Other 545 986 na na na
Total b 5 208 5 467 2 815 1 252 2 696 na na 207

Note: na – not available
a data as reported by state and territory government departments and Environment Protection Authorities across all industries
b caution should be exercised when making state comparisons due to scope differences across states and territories.
c Victoria reports commercial, industrial, construction and demolition waste as a combined amount

Source: ABS (2004c:15)

Most households in Australia’s cities recycle some waste, especially newspapers and green waste, and waste recycling and reuse . Amounts of solid wastes recycled] rates in general have increased to an average of 36 per cent across Australia (WCS Market Intelligence 2001). In areas outside the capital cities, the recycling rate is lower because of the logistics and costs associated with collection and transport from rural areas to processing plants. Reuse of waste, in contrast, is higher among rural and regional households.

Most states and territories have implemented waste reduction policies with a view to reducing the amount of waste to municipal landfills. These have been broadly successful. For example, of the waste generated from building activity on an annual basis in the Sydney region approximately 10 million tonnes are now recycled or reused, 2.5 million tonnes are reprocessed into building materials off-site, and 1 million tonnes are disposed of annually to landfill (DEC NSW 2003).

In Australia, product stewardship schemes are being used by industry and governments to bring the key players together to understand and correct market failures in the life cycle of products and materials, such as packaging, newsprint, plastic bags, refrigerants, farm chemicals, motor oil and polyvinyl chloride. Schemes are also being developed for tyres, televisions and computers. The schemes are implemented largely through voluntary and co-regulatory arrangements involving the Australian Government, state governments and industry.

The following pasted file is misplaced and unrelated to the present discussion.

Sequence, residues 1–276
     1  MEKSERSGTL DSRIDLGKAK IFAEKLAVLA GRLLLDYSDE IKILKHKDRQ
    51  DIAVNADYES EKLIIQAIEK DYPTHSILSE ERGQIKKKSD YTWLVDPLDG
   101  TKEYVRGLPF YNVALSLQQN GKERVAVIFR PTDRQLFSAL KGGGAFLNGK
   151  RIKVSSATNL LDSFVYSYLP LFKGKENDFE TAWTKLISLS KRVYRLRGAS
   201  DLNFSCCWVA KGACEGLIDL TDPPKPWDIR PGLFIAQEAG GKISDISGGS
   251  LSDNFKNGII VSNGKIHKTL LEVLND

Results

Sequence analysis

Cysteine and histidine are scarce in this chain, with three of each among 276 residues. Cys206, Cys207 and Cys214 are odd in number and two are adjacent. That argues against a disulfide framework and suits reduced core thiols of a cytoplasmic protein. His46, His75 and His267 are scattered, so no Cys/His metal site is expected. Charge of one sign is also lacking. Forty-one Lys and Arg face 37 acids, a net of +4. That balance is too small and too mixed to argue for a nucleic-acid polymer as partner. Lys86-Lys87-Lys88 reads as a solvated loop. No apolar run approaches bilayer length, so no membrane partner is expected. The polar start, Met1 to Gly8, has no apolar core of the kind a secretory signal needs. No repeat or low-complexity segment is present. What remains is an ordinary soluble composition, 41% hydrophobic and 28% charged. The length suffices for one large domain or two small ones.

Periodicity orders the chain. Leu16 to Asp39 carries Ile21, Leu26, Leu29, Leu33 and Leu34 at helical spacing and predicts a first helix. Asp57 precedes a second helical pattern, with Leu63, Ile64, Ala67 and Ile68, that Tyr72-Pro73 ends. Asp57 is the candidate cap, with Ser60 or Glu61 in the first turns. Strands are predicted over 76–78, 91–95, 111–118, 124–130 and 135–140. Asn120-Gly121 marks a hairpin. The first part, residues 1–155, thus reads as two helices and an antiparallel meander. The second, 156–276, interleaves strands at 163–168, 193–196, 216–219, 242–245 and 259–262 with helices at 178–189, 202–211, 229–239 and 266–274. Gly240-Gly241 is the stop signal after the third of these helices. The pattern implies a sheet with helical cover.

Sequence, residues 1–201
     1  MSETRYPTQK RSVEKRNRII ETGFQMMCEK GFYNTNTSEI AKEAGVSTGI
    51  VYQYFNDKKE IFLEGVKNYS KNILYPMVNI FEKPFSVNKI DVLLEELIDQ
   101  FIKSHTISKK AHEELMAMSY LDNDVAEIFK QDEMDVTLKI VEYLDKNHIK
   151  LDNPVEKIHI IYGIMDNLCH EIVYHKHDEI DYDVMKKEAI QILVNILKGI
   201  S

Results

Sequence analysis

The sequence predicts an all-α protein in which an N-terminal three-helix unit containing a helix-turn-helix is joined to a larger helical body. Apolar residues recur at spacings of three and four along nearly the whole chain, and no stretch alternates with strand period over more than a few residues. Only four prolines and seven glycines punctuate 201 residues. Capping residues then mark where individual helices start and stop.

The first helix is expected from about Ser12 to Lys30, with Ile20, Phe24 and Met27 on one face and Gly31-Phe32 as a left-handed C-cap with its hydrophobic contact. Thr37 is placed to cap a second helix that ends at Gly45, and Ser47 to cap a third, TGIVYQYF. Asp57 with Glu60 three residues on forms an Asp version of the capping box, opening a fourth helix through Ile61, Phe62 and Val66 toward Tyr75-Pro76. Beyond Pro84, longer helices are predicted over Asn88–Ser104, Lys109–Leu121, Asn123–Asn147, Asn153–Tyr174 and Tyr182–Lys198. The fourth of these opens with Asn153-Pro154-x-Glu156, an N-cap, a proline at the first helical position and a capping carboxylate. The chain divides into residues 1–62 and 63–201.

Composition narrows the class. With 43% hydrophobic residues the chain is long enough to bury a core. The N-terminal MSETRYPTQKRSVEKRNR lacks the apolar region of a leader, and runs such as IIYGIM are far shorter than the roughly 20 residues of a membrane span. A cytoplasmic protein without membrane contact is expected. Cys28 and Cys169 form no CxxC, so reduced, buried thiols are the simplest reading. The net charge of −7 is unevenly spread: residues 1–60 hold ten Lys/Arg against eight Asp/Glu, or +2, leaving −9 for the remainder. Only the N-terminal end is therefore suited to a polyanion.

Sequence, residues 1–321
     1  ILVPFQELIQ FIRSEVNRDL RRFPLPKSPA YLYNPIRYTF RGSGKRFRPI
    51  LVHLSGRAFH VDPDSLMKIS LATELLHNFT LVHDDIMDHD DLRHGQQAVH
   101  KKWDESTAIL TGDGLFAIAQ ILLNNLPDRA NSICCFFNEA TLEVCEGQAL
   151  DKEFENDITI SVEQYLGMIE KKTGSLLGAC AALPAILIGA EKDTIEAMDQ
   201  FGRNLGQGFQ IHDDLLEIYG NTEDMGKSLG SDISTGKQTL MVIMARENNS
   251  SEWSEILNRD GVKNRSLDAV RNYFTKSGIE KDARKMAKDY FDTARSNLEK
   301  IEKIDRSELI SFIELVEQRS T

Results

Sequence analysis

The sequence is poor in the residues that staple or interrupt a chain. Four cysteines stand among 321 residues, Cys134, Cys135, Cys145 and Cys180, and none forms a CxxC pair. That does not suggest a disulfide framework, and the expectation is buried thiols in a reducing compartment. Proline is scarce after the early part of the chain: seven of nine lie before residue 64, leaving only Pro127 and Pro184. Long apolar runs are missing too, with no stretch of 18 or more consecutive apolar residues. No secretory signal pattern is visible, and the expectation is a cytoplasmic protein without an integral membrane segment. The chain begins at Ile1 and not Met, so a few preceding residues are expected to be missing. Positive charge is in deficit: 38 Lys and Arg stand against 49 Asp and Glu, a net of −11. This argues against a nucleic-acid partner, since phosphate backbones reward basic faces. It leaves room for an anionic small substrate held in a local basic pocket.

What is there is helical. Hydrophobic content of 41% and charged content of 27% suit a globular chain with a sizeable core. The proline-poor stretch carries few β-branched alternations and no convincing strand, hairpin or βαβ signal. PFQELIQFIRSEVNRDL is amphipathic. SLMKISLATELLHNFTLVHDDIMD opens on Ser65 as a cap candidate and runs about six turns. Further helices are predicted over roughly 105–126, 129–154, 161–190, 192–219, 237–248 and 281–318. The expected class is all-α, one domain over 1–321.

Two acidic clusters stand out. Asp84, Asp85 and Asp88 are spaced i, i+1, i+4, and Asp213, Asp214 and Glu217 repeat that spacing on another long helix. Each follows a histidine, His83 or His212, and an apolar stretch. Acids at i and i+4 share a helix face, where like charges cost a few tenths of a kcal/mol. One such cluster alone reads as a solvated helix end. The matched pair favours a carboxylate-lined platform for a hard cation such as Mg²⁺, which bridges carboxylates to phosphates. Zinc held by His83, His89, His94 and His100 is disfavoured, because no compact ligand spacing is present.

Despite these efforts, it is clear that almost all (96 per cent of Australia’s waste ends up in landfill. This compares with 70 per cent in the United States (approximately 16 per cent is incinerated) and 50 per cent in Sweden (where 45 per cent is incinerated) (Batten 2002). Although the potential is far from being realised, a small amount of the methane generated from landfill sites is recovered, mainly for electricity generation, increasing from a negligible amount in 1990, to 24 per cent in 2003 (DEH 2005a). Many of Australia’s landfill waste disposal sites do not incorporate measures for the collection and treatment of landfill gas. An estimated 80 per cent of Australia’s municipal solid waste is available for this purpose, representing a source of approximately 50 gigajoules annually excluding the total potential from existing landfill sites (ABS 2003b, Aquatech 1997).

The Productivity Commission (2006a) released its draft report on Waste Generation and Resource Efficiency on 23 May 2006. The report focuses solely on the downstream environmental impacts of waste disposal and does not investigate outcomes from implementation of more resource efficient practices or cleaner technologies. In summary, the Commission found that waste management policy in Australia needs to be refocused, and the attitudes of both policy makers and the community need to be guided by rigorous analysis of costs, benefits and risks in order to secure the best returns for the community. While recycling can be good up to a point, returns diminish when it is pushed too far.

The amount of used oil being recycled under the Product Stewardship for Oil programme has increased dramatically. Of an estimated 280–300 million litres of potentially recoverable used oil, more than 220 million litres were recycled and reused in 2004–05, a large increase from the estimated 160 million litres of used oil recycled before the introduction of the programme in 2000 (Figure 7).

Figure 7: Volume of used oil recycled under the Product Stewardship for Oil Programme, 2000–01 to 2004–05

 Volume of used oil recycled under the Product Stewardship for Oil Programme, 2000-01 to 2004-05

Note: 2000–01 data are for six months, from the start of benefits from the Product Stewardship for Oil Programme in January 2001.
Source: DEH (2006a)